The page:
I remember when I told William about celiac. He seemed not to care until he found out that he couldn't eat his favorite doughnuts any more. I think that was a defining moment in a five year olds life. He cried for a while but has never looked back. His diet is limited but I am always looking for new things to make it better. It is a really good thing that I love to cook. I try new things for him all of the time and I am learning how to use all of the new ingredients that are required for a gluten free diet. I have been trying most of the food that I make just to see how it tastes. Sometimes you can not tell the difference and sometimes I feel sorry for him that he has to eat this stuff. Lucky for me he was young enough that he likes some of the stuff that I think is terrible. He has gotten used to the taste of the new food and I am happy for that. I still try to slip in a treat once in a while and it is also so nice to see everyone around him treat him with respect and love. He went to a birthday party for his "girlfriend" and her parents bough him a gluten free pizza from Domino's. They got the rest of the pizza for everyone else from Little Cesar's. The fact that they made that kind of effort to make my son feel just like everyone else made me cry.

Lucky and William are figuring out their relationship with each other. I hope that they become best friends and that they make each other happy. I found out shortly after getting Lucky that he has trouble with wheat products too. So our dog is gluten free too. I guess that God has a way of reaching out even to a five year old to let him know he is not alone.

Pray for us all,

His Loving Dad

Monday, July 28, 2014

Good Weekend

This was a quite weekend. Things have started to get better since the split. I can tell William still has troubles with mom not being home but it has gotten better. On Saturday he found a picture of his oldest sister T and brought it to me. He was crying so I asked what was wrong. He told me that he missed his sister. I told him that I missed her too. I tried to make sure that he understood that he still gets to see her when he is with his mother and that is OK to miss her. I told him that I hoped one day I would get to see her again too.

It has been so hard on me helping raise her kids for more than half of their lives and now not being able to see them anymore. It is hard to walk by their rooms and see the empty walls. It is kinda like my heart just feeling kinda empty. I remember teaching J to read. Reading stories to all of them every night before bed. We read some great books. The first week they were in my house I read them my favorite book "Where the Red Fern Grows". I remember M telling me that she was glad that I was going to be her step dad that night. I was surprised by that because I thought she would be the toughest one to let me into her heart. It will be hard this year not seeing T in marching band. I was also looking forward to seeing her go to prom. I would have been a prod papa watching her graduate.

One of the most frustrating things for me in all of this is seeing just how little she knows about taking care of William. She let me do everything for four years and now that she is gone she really doesn't know how to take care of her own son. His numbers comeback so high and so low. I am afraid every time he goes there. It took time for me to get good at this but it is really hard for me to see her having to go through the learning curve that I went through years ago. It is nice to finally have a break from getting up every night and to not have to think about his diabetes once in a while but I would be happy to do it all for his whole life just so he didn't have to go through all of this.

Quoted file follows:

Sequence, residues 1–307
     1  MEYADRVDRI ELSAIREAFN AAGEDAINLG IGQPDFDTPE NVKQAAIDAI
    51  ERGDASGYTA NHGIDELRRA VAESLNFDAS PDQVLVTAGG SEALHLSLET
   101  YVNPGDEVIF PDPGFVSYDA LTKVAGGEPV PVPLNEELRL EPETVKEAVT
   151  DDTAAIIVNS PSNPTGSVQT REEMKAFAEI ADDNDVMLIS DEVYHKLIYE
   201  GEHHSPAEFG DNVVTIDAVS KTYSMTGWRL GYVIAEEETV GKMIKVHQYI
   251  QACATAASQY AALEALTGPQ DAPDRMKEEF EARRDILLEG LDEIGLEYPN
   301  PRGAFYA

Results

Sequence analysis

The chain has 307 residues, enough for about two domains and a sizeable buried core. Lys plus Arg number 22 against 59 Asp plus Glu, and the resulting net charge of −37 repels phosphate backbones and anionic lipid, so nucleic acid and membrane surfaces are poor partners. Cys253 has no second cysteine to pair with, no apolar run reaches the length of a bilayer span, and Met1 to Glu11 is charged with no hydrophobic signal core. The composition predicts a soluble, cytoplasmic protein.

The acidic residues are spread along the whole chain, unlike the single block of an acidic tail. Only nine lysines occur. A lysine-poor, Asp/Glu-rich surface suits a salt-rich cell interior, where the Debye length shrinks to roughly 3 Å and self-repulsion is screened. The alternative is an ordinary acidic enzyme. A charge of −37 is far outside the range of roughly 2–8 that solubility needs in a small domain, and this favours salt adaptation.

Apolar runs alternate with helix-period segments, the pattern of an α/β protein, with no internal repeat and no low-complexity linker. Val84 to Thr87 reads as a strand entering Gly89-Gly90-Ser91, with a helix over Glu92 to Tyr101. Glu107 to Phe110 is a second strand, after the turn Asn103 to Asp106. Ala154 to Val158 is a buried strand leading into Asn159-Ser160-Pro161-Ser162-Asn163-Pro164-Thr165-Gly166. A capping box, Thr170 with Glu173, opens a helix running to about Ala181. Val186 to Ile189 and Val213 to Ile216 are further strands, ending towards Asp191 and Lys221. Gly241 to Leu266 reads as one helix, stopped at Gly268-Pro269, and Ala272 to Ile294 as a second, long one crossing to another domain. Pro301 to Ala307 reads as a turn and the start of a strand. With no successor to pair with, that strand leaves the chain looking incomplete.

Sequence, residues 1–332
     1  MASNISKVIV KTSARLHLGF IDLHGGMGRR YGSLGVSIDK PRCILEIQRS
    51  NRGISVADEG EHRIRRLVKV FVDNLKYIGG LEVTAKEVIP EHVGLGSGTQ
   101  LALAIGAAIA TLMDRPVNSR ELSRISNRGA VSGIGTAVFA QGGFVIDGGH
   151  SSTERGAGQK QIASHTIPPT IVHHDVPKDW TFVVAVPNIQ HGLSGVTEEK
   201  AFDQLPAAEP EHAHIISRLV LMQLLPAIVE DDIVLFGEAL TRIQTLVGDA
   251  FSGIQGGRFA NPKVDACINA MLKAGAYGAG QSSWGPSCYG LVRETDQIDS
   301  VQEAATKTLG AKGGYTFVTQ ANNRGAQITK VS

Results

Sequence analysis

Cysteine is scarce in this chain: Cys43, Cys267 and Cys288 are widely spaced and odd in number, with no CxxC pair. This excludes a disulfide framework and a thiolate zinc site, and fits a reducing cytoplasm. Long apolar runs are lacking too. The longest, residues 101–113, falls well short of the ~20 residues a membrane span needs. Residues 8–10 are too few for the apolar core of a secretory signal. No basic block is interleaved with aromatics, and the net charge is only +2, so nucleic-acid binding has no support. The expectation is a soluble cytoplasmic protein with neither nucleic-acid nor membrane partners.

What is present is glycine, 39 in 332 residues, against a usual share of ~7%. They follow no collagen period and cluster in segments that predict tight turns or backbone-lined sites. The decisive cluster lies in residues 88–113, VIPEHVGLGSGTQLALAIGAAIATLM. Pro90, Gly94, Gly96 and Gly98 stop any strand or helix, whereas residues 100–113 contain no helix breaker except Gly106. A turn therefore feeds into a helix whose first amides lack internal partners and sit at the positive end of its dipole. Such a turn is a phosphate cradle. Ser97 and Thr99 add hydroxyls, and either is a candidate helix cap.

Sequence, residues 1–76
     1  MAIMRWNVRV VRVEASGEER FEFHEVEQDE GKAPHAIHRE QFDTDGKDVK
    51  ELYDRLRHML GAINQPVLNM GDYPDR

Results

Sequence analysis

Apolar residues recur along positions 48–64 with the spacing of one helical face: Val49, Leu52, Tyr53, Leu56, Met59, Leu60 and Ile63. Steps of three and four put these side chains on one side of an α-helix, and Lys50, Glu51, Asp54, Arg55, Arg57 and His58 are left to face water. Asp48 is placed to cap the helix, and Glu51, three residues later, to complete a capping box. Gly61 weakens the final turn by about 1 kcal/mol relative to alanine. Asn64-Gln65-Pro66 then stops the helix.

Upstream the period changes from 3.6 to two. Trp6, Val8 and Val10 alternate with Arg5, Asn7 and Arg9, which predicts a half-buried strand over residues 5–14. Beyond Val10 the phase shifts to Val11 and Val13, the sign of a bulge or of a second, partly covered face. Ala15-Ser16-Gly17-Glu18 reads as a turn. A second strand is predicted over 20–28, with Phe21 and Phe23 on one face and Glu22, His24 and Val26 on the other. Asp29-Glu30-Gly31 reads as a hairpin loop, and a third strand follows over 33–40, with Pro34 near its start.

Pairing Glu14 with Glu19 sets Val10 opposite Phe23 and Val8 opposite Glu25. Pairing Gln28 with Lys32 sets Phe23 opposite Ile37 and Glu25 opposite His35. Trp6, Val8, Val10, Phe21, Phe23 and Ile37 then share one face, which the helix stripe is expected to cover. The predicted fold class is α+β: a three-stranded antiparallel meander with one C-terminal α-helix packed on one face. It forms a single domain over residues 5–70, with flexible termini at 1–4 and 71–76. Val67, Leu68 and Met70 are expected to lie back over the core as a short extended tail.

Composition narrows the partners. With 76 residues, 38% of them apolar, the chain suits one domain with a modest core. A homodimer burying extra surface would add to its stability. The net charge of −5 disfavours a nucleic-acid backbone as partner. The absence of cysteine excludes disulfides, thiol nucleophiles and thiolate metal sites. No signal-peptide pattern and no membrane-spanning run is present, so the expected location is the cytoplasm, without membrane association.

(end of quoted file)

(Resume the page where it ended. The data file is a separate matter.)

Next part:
OK enough venting for today. My focus is on William and making him happy. School is coming up quickly and he is really looking forward to that. Right now we spend a lot of time at the park and playing video games together. We spend time every night snuggled up on the couch watching a movie or Disney Channel before bed. He is just learning to read. He is pretty good at it when he wants to try. I just have to say "sound it out". He likes to guess at what the word should be vs actually sounding it out. He is amazing and I let him know it everyday.

Keeping our heads up,

His Loving Dad

Friday, July 25, 2014

The New Beginning

Hello all,

We used to have a blog that we kept together. Now it is just William and I, so I thought I would start my own blog for him. I'm sorry if you don't understand some things, but some are just for William and I but I hope that if you read this blog you learn more about my precious son.

William was diagnosed with Type one diabetes when he was 2 just before Thanksgiving. He is now 6 as of this posting today. When we first went to the hospital to learn how to take care of him what a scary day. William, his mother and I sat in a room. The doctor and nurse came in showed us how to take his blood sugar, give him shots and count carbs for taking care of William. What an amazing weight that had just been placed on all of us, especially William. I remember going home and being so afraid that William would not wake up in the morning and wondering how long that feeling would last. It has been almost five years now and I wish I could tell you that that feeling went away a long time ago but it hasn't. I still wake up every morning and walk in his room and hope that he is still breathing. I have many times before bed gone into his room to make sure he was still warm and breathing. When William was 5 we also learned that he has celiac disease.  This mostly means that he can not eat gluten.

From Wikipedia

This year life just got harder for us all. Williams grandmother (dad's mom) and grandfather (mom's father) both died. This year also saw his mom choose to find a new path in life which did not include keeping our family together anymore. We are starting to adjust to this new life. Sharing time and trying to keep everything about William. It is sad where life has taken us this year but we will be stronger in spite of it all. Our lives have changed and I am going to try to make William's life the best I can. We are starting our new beginning this year. Living each day as if William will not wake up tomorrow. Hugging often as I can and snuggling as much as possible and I will continue until William will not let me do that any more.

This blog is suppose to be about William but I am sure that you are going to get me here too. It will be hard as we are joined in life together and I really hope there is never a William without me. I will try to keep you up to date on what is new in our lives and hope that It is a wonderful journey that you got to come along for.

This is our start together and I hope a wonderful journey to manhood for him.

His loving Dad

A Story by William

William's letter about Lucky     William sat down yesterday an wrote a letter about Lucky our dog. He wanted me to publish it. So ...